Gale Lurie has been a potter all of her adult life, though for over 26 years, teaching required that she spend nine months of the year molding small children rather than clay.
In 1993-94, she took a sabbatical to work as a special student in the Ceramics Department of the University of Washington with Patti Warashina, Akio Takamori and Jamie Walker. This convinced her that she wanted to pursue pottery as her life work, and she took early retirement as soon as she was eligible, to follow this dream. She then was a resident potter at Pottery Northwest in Seattle for five years before working exclusively in her home studio.
Still enjoying working with children, Gale taught ceramics classes at the Northwest School in their summer program for eight years, and has served as an artist-in-residence at a number of schools. She worked as a consultant/mentor at John Stanford Elementary School in Seattle for six years, creating their clay curriculum each year and training the teachers and parents in pottery techniques, glazing and kiln firing.
She created and worked at “Claystation” for the Seattle International Children’s Festival, which captivated a couple of thousand children (of all ages) each year.
She participates in many group shows and has held an annual studio sale for the last thirty+ years. Her studio was on the North East Art Tour (NEAT) in Seattle for five years until she moved to Vashon Island in 2015. Now she's on the Vashon Island Art Studio Tour every June and December. She has been an invited artist in the Master's in Miniature Show at the Vashon Center for the Arts the last two years. Her work is also available at several galleries in the Northwest.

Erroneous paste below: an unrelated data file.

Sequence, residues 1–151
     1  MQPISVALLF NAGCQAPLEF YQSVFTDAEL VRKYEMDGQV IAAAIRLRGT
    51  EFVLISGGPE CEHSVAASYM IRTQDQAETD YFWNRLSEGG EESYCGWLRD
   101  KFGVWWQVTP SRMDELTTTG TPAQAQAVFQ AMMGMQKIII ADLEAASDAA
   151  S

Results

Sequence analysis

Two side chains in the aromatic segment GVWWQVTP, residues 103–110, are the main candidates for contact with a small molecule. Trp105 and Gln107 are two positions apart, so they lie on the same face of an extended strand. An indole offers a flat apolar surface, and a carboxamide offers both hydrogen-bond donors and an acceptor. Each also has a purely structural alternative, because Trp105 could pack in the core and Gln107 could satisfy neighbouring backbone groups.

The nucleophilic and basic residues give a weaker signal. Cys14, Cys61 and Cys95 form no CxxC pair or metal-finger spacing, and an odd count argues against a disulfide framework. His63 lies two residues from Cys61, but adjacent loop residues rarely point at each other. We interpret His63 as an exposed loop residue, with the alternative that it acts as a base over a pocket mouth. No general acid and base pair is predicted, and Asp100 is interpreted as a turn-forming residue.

Gale has long been active in the clay community and is past president and vice president of the Washington Clay Arts Association (formerly Washington Potters Association). She has also been a member of the Northwest Designer Craftsmen for several years and is the co-chairman of their exhibition committee, as well as a participant in many of their shows.
In 2005, she envisioned, founded and had a booth at the Wedgwood Arts Festival in her old neighborhood, which has grown to be a fun and popular community activity.
Gale continues to create forms that are beautiful, useful and affordable. She loves to hear how her works have been used and treasured over the years. Her style is very eclectic and she loves to try new techniques, glazes and firings. All of her creations are truly one of a kind.